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Time savings were key to the M25 smart motorway project. They haven’t materialised

David Metz University College London
24 May 2019

 

Smart Motorways, a flagship programme of Highways England, aim to relieve congestion by converting the hard shoulder into a running lane and by varying the speed limit to smooth traffic flow. To assess performance in practice, Highways England has been monitoring closely the section of the M25 between Junctions 23 and 27 since the widened road opened in 2014. Three annual reports have been published, detailing traffic flows, journey times and safety, and comparing outcomes ‘before’ construction and ‘after’ scheme opening. Traffic growth of 16 per cent was observed at year three compared with before opening, far higher than regional motorway growth over the same period, with increases in weekend traffic of up to 23 per cent. 

Such traffic growth seems a noteworthy example of induced traffic, the traffic that arises as a result of increased capacity and which tends to restore congestion to what it had been previously. I therefore made a Freedom of Information request to see the traffic forecasts and economic appraisal that were the basis of the investment decision.

The traffic forecasting report was based on a variable-demand multi-modal model for the M25 area, employing the SATURN suite of programmes, updated to take account of the most recent national datasets for trip ends and similar. Traffic forecasts were made for the assumed 2015 scheme opening year, the 2030 design year and the 2040 horizon year, for the morning and evening peak flows and the interpeak period, comparing the ‘do-minimum’ case, without the investment, and the ‘do-something’ case with it. 

The time slices used for the forecast and the outturn monitoring are regrettably different, which limits comparisons at particular times of day. Comparisons may, however, be made of average daily traffic flows (ADT). For the section J23-24 clockwise, for instance, the forecast ADT increase, comparing the scheme with do minimum, was 13 per cent in 2015 and 16 per cent in 2030. The outturn monitoring found an increase of 13 per cent at year three after opening compared with before, in good agreement with the forecast. 

The economic appraisal report employs the DfT’s TUBA software to derive estimates of monetarised travel time savings and vehicle operating costs (VOC) from the traffic forecasts, comparing the do-something and do-minimum cases. The main economic benefit is travel time savings to business users, worth £475m, because the scheme was expected to allow travel at higher average speeds than the do-minimum case. Time savings to non-business travellers (commuters and others) were very largely offset by increased VOC, given the assumed diversion from local roads onto the motorway generating longer trips. As an example of the origin of the time savings, the speed on J23-24 clockwise for the AM peak in 2015 was forecast to be 86 km/hr with the scheme, versus 76 km/hr without. The overall benefit to cost ratio (BCR) was 2.3, later adjusted upwards to 2.9.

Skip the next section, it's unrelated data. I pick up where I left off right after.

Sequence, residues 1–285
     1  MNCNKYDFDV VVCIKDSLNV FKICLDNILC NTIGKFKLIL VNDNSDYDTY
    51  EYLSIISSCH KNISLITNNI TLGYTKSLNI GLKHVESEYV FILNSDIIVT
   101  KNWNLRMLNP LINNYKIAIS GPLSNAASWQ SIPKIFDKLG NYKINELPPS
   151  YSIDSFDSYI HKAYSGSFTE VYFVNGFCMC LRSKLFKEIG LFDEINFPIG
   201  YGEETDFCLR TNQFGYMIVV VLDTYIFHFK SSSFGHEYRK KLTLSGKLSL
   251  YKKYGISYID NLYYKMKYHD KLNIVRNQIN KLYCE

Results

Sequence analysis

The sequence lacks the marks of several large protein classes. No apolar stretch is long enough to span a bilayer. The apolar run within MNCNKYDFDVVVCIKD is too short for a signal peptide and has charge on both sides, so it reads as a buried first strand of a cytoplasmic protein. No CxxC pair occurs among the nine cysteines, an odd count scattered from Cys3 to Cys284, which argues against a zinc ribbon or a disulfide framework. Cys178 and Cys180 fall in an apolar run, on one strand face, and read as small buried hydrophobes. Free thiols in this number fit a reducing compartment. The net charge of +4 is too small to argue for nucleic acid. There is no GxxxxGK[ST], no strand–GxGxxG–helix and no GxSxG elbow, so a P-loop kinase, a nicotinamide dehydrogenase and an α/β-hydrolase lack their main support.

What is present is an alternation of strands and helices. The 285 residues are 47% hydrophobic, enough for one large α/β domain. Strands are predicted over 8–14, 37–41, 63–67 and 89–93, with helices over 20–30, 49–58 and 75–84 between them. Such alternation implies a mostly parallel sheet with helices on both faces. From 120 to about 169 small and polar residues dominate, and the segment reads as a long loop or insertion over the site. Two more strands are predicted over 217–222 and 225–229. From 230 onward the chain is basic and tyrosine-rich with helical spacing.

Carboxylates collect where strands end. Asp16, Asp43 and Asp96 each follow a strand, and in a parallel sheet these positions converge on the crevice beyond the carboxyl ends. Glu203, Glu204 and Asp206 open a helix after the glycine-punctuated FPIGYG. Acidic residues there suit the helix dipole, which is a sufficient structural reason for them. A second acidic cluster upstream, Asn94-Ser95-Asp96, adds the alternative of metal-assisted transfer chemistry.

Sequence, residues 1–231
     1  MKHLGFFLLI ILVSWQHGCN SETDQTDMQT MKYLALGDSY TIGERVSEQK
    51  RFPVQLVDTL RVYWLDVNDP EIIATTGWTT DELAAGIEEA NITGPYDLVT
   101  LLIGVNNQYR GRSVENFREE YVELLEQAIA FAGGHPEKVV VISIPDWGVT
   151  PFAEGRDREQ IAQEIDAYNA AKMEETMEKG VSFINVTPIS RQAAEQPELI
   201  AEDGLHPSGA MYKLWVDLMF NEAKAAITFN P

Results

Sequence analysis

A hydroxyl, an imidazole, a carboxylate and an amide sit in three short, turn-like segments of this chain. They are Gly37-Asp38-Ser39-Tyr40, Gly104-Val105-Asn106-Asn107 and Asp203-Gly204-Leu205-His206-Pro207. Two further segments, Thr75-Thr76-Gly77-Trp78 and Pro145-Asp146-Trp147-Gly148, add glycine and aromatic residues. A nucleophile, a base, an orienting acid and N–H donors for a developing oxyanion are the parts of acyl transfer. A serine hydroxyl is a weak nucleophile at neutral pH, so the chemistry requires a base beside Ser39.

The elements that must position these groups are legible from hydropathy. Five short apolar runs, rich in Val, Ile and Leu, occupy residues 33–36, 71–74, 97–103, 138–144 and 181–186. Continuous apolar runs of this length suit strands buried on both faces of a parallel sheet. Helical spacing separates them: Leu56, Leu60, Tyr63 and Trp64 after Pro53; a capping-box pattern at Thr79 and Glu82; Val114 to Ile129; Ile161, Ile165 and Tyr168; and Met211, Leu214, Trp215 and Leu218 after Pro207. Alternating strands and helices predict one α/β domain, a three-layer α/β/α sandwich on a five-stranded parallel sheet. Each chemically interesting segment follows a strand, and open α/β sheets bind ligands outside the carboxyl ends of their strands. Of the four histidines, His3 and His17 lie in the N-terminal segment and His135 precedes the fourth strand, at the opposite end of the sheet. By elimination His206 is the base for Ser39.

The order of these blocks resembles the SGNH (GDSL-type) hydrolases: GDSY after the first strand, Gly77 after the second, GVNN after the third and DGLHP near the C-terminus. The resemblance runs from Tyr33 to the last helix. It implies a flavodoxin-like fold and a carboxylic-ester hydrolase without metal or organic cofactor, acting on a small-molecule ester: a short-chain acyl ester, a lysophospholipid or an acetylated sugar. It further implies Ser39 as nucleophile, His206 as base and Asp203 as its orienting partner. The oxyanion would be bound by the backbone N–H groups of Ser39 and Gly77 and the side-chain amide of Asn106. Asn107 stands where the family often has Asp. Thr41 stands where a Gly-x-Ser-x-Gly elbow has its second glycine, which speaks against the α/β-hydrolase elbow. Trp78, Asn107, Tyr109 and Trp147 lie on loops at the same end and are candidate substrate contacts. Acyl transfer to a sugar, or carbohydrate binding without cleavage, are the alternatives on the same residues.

However, this forecast increase in speed failed to materialise. There has been effectively no change on average for all days and time slices between before opening and year three for clockwise travel. For anticlockwise, an average saving of 15 seconds (1.4 per cent) was found for a journey of 16.6 minutes before the improvement. Time savings of 6 per cent and 9 per cent respectively were seen at year one after opening, but were lost by year two.

Generally, traffic flowed at the free-flow rate except during the PM peak when it was slower. Surprisingly, the extra lane did not permit a faster flow at this PM peak, even though the increase in capacity of 33 per cent was greater than the increase in traffic volume. Possibly the use of variable speed limits to smooth the flow was at the cost of journey time savings.

The stated conclusion of the year three monitoring report is that “increases in capacity have been achieved, moving more goods, people and services, while maintaining journey time at pre-scheme levels and slightly improving reliability”. Yet this conclusion undermines the economic case for the scheme, based on forecast time savings. This in turn raises questions about both the validity of the modelling and of the orthodox approach to appraisal.

We know from the National Travel Survey that average travel time has remained essentially unchanged for at least the past 45 years. This implies that any travel time savings must be short run. In the long run, people take advantage of transport investments that permit faster travel to gain access to more distant destinations, services, opportunities and choices, within the limited time they allow themselves for travel. This change in travel patterns would first be seen in optional trips, consistent with the big increase in weekend traffic in the M25 example, and subsequently over the years as people move home and change jobs. The consequential additional traffic – induced traffic – adds to congestion and negates the time savings that are conventionally supposed to be the main economic benefit. 

If we are to make transport investments that are good value for money, we need to pay attention to the real-world consequences, and not be misled by the outputs of models that generate the notional time savings to which transport economists are so attached. We need to constrain models to hold average travel time constant in the long run, consistent with the findings of the National Travel Survey. To calibrate models, we need data on origins, destinations and purposes of trips, and how these change when a road is widened. And we need to work out how to value access benefits to users. 


David Metz is an honorary professor at the Centre for Transport Studies, University College London.

 
 
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